updated: April 27, 2006
The alleged Duke lacrosse rape case has stirred up a hornet's nest of issues, passions, and controversy. It has become a swirling black hole that is pulling everyone from TV pundits to Joe six-pack on his Barca Lounger into the abyss of debating every aspect of how justice and the legal system should operate when the 'old' rules have warped in the age of the Internet.
- Number 1, of course, who do you believe the accuser or the lacrosse players?
- Second big question: Should the accuser's identity be made public?
- Big related issue: Do Blacks receive equal justice in this country?
- Is the DA, Mike Nifong, prosecuting this case to further his political career?
- Do small scratches on the lacrosse players, but no DNA under the accuser's fingernails prove anything?
- Is the accuser, who is reportedly seen demurely smiling in photos taken from 12:30:12 a.m. to 12:30:47 a.m. on the morning of the alleged rape suffering the after effects of a date rape drug? Or not?
- Has the alleged victim's credibility been damaged in light of recent information? The alleged victim identified her assailants as "Adam, Matt and Bret" in her original statement to police. Three weeks later she photo ID's Collin Finnerty and Reade Seligmann. Also, the woman has a record, which includes a DWI, a misdemeanor eluding arrest charge, and three license suspensions.
- Do you call the lady involved the "accuser," the "alleged victim," or simply the rape victim? Is she an exotic dancer, a stripper, a sex worker, or should she be referred to as a Black student/mother/daughter/woman/human?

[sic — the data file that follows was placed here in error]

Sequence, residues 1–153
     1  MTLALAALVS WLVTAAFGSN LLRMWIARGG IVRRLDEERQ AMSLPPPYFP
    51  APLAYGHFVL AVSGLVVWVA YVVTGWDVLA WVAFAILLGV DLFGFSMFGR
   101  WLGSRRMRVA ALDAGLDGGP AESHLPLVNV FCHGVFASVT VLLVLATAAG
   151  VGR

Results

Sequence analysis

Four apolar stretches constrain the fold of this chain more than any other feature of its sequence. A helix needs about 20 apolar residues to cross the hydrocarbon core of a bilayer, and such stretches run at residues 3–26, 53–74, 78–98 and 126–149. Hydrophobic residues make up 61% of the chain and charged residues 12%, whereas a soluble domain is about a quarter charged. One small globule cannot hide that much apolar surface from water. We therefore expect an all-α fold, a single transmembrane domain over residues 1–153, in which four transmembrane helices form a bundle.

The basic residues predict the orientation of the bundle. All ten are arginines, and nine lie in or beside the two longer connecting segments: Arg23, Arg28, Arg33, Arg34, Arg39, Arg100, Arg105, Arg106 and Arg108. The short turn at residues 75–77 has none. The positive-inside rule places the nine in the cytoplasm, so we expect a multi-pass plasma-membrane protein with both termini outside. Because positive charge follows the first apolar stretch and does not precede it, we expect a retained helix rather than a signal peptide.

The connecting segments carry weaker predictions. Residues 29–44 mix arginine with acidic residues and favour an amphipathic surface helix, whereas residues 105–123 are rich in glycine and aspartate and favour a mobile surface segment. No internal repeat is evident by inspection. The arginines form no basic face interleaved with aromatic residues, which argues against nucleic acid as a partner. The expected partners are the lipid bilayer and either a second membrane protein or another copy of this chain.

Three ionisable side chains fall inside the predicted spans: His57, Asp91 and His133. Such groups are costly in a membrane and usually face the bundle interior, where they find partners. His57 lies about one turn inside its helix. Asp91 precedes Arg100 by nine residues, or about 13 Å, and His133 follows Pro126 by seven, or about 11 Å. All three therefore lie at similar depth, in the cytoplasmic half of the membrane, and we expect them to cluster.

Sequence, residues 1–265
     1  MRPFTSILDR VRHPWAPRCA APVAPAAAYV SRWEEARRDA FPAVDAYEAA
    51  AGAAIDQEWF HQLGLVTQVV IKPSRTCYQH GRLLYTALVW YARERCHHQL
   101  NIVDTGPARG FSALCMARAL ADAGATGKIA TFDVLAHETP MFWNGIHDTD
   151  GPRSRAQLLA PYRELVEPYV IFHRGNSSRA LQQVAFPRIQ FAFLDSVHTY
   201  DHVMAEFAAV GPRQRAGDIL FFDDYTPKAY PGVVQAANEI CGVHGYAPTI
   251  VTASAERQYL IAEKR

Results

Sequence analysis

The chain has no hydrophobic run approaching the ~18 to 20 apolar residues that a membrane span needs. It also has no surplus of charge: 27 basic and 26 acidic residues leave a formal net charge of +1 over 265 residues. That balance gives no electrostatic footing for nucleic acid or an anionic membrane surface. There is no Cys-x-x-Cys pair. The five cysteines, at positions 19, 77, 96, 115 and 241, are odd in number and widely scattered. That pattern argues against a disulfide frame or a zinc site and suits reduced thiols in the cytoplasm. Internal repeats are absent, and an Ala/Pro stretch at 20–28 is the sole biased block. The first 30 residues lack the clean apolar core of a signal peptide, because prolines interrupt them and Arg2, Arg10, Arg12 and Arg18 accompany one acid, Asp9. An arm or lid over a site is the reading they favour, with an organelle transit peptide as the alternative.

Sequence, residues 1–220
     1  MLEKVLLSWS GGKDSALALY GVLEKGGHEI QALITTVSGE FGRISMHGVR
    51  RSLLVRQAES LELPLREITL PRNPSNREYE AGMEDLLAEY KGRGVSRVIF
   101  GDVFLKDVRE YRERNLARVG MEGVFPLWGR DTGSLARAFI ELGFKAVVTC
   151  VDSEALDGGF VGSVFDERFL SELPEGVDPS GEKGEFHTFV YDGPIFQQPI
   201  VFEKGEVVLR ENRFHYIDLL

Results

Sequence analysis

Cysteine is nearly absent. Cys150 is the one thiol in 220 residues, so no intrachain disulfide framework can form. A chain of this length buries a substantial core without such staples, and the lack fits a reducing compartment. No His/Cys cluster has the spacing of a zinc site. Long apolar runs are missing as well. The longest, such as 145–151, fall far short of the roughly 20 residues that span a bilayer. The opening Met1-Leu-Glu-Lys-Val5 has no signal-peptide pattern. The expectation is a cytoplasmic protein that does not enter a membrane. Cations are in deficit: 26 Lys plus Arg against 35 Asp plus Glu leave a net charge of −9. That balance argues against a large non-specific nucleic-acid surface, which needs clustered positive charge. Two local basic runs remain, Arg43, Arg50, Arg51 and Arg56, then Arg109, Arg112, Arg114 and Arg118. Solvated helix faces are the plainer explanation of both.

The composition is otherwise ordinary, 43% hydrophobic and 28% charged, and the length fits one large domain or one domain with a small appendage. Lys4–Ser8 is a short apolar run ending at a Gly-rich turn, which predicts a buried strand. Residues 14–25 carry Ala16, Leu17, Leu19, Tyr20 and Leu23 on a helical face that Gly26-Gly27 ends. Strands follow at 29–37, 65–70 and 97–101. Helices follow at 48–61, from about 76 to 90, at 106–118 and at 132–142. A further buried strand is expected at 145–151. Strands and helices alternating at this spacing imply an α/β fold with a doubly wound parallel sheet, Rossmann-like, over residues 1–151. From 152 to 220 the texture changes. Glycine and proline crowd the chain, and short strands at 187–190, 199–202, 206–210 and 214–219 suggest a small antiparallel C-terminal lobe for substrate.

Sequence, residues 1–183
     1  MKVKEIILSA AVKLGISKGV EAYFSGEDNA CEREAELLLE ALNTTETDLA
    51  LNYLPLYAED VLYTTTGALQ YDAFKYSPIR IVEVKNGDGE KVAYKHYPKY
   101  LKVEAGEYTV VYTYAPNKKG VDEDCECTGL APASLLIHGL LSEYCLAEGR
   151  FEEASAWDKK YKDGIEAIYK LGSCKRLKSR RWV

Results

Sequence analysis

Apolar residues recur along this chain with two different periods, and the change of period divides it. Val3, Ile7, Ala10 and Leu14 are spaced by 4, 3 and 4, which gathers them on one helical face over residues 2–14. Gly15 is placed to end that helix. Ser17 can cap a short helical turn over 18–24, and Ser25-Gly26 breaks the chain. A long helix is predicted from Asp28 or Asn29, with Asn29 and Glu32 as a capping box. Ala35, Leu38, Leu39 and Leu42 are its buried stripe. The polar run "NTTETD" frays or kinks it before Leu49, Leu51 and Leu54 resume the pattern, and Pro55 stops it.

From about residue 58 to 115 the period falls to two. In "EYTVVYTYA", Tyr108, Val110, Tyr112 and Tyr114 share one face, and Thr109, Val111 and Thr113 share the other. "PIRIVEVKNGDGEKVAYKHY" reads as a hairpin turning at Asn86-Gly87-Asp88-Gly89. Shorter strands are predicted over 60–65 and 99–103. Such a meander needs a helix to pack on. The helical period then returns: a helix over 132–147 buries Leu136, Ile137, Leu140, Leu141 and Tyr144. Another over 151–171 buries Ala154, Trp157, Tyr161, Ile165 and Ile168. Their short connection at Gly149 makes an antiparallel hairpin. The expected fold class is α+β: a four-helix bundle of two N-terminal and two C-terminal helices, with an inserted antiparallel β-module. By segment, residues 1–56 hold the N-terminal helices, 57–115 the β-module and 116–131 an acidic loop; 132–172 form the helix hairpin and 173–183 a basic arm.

- etc, etc.
MSNBC Question of the Day:
Duke Suspects Identified: Should the accuser also be named? - with 11067 responsesDuke Rape Case: accuser shield laws -
- Yes 56%
- No 44%
Tucker Carlson of MSNBC has a personal stake in wanting the removal of rape victim shield laws.Geneva Overholser at the Christian Science Monitor:
On the April 18 edition of The Situation with Tucker Carlson, he argued vigorously against Susan Filan, a former prosecutor, that the name of alleged victim in the Duke lacrosse rape case should be made public information.
Mr. Carlson also admitted that he had been falsely accused of rape 3 years ago. Charges were never brought against him because he and the alleged victim, a viewer who apparently suffers from mental illness, had never met and no evidence existed to support the claim. It was interesting to note that he hired the same attorney hired by a group of Duke supporters when that accusation came in.
In the crime of rape, it is time we named the accuser as well as the accused.From the Court TV message board:
What do we know about the AV(alleged victim)?Administrator note today from Court TV message board:
1. Her age
2. Where she goes to school
3. That she is the divorced mother of two children, and
4. How she supports herself.
What do we know about the two guys who have been indicted?
1. Their ages
2. Where they go, or went, to school
3. That they are both single
4. Mommy and Daddy support them. PLUS
5. We know their full names